2. 2. Exercise 1: Quotation marks Which of these will throw an error? a) b) c) d) print "They wouldn't do that." print 'They wouldn't do that.' print 'They wouldn't do that.' print "They wouldn't do that.'
3. 3. Exercise 2: Comments Which line is commented out? a) print "Fourscore and seven years" b) # print "Fourscore" c) print "Eighty years" # this is fourscore years
4. 4. Which one will print blank lines? 1) print "Fourscore and seven years ago" # # print "Our fathers brought forth" 2) print "Fourscore and seven years ago" print print print "Our fathers brought forth"
5. 5. Exercise 3: Math Which one of these would give a different answer than the others? a) b) c) d) e) 4+6/3+5 4 + (6 / 3) + 5 (4 + 6) / 3 + 5 (4 + 6 / 3) + 5 4 + (6 / 3 + 5)
6. 6. PEMDAS • • • • • • P E M D A S () exponents, e.g. 10**2 * / + – But …
7. 7. PEMDAS is not the whole story •P () • E exponents, e.g. 10**2 • MD * / % • AS + – See http://en.wikipedia.org/wiki/Order_of_operations
8. 8. Exercise 4: Math What is the answer Python will give to all of these? a) b) c) d) 5 > 10 10 < 2 1444 < 1443 1>2
9. 9. Exercise 4: Math True or False: < > <= >= == != More about True and False to come, in Zed’s exercise 27. (Note: In Python, these values always start with an uppercase letter.)
10. 10. Exercise 5: Integers and floats What is the answer Python will give to this? 1/4
11. 11. Exercise 5: Integers and floats What is the answer Python will give to this? 1 / 4.0
12. 12. Learn this! >>> 1 / 4 0 >>> >>> 1 / 4.0 0.25 >>> integer float
13. 13. Exercise 6: Modulus What is the answer Python will give to all of these? a) b) c) d) 4%2 10 % 2 144 % 12 100 % 25
14. 14. Modulo The modulus operand is commonly used to find out if a number is odd or even. % Don’t get confused: In Python, the percent sign (yes, the same character, but used differently) is also used for format strings, as seen first in Exercise 5. (You’ll be seeing even more of that!)
15. 15. Modulo (also modulus) What will this return? (That is, what answer will Python give?) 115 % 11
16. 16. Variables
17. 17. Variables Name apple Value
18. 18. Variables
19. 19. Variables
20. 20. Variables Name Value
21. 21. Variables Name Value
22. 22. Variables Name Value 57
23. 23. Variables Name Value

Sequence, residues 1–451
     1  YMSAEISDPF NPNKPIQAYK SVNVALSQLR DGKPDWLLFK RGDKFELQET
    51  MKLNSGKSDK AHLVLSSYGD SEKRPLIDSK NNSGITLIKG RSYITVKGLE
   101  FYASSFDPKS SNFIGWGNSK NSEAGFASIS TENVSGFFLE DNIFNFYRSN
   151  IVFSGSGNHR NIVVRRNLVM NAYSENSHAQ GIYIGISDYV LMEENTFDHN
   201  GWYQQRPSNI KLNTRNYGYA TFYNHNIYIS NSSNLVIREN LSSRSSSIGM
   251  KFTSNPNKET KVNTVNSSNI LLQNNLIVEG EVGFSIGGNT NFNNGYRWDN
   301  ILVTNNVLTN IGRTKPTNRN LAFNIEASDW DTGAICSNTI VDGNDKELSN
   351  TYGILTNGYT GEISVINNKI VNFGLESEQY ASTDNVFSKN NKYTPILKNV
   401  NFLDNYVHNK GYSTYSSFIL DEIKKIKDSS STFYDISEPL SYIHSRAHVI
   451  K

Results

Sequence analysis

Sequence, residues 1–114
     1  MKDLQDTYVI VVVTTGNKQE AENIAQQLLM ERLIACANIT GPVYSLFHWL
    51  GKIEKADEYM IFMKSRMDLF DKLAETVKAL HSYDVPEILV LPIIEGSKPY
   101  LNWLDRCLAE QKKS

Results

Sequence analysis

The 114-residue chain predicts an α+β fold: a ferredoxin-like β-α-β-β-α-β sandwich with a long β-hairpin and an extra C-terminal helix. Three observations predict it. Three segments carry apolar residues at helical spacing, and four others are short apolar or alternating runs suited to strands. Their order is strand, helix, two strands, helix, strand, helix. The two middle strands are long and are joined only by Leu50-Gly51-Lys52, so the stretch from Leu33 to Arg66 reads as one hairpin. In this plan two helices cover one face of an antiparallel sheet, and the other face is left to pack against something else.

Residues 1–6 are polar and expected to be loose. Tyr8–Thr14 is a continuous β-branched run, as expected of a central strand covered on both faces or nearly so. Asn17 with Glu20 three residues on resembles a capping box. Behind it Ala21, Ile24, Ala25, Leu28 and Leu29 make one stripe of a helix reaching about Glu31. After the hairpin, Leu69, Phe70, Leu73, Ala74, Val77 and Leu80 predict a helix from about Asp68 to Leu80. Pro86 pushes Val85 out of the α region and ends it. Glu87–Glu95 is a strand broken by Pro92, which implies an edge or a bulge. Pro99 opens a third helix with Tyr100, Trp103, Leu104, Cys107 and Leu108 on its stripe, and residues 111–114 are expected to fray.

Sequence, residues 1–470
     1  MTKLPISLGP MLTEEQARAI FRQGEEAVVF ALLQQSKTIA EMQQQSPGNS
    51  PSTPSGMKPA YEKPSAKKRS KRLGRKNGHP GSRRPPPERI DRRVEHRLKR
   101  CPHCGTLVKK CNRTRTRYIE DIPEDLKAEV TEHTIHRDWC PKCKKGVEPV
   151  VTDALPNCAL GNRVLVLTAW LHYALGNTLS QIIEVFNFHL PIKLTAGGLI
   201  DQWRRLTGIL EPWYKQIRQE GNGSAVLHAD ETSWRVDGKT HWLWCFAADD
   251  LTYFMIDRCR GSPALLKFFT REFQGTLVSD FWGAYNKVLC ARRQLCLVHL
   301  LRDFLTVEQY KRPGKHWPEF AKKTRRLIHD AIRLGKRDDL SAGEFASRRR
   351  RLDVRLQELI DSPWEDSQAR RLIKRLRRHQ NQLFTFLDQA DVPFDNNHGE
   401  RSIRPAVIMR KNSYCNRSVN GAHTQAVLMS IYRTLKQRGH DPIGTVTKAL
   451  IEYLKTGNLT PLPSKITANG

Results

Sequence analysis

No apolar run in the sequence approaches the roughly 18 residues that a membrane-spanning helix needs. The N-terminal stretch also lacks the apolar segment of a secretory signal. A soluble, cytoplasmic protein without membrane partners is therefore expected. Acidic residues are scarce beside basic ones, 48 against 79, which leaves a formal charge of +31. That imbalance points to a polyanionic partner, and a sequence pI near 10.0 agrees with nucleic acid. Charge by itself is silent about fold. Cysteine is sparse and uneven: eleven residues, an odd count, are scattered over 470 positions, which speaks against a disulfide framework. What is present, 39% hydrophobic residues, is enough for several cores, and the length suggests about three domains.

24. 24. Any questions?
25. 25. “Format strings” • %s %d %r %f • Each one is slightly different • They are a kind of shorthand for working with variables in Python • NOTE! These are NOT variables! • Zed also calls these “format characters” • NOTE! This is NOT modulus!
26. 26. %r %s %d Not all the same.
27. 27. Notice how %r in this case returns something very different from %s
28. 28. String formatting continued • • • • %s string: use this for text %d use this for integers (no decimal places) %f float: shows up to 6 decimal places %r representation: works for numbers and strings, but (usually) adds quotation marks * * Zed says, “The %r is best for debugging.” (But you don’t really know what debugging is.)
29. 29. The value of “play” (an essential part of learning to code)
30. 30. n newline (line break) t tab (indent) The backslash is “the escape character.”
31. 31. Putting things together a = "Mary had a little lamb." b = "Its fleece was white as snow." c = "And everywhere that Mary went" d = "The lamb was sure to go." print "nn%snt%sn%snt%snn" % (a, b, c, d) What would happen if the order were changed to: (d, c, b, a)
32. 32. Running that program …
33. 33. Escapes Zed says memorize all of these. I don’t think that’s necessary. But do memorize this: The backslash is the escape character.
34. 34. Escapes!
35. 35. raw_input( ) Zed’s exercises 11 and 12 introduce this.
36. 36. raw_input( )
37. 37. Learn Python the Hard Way Exercises 1 – 12 (we’re just getting started)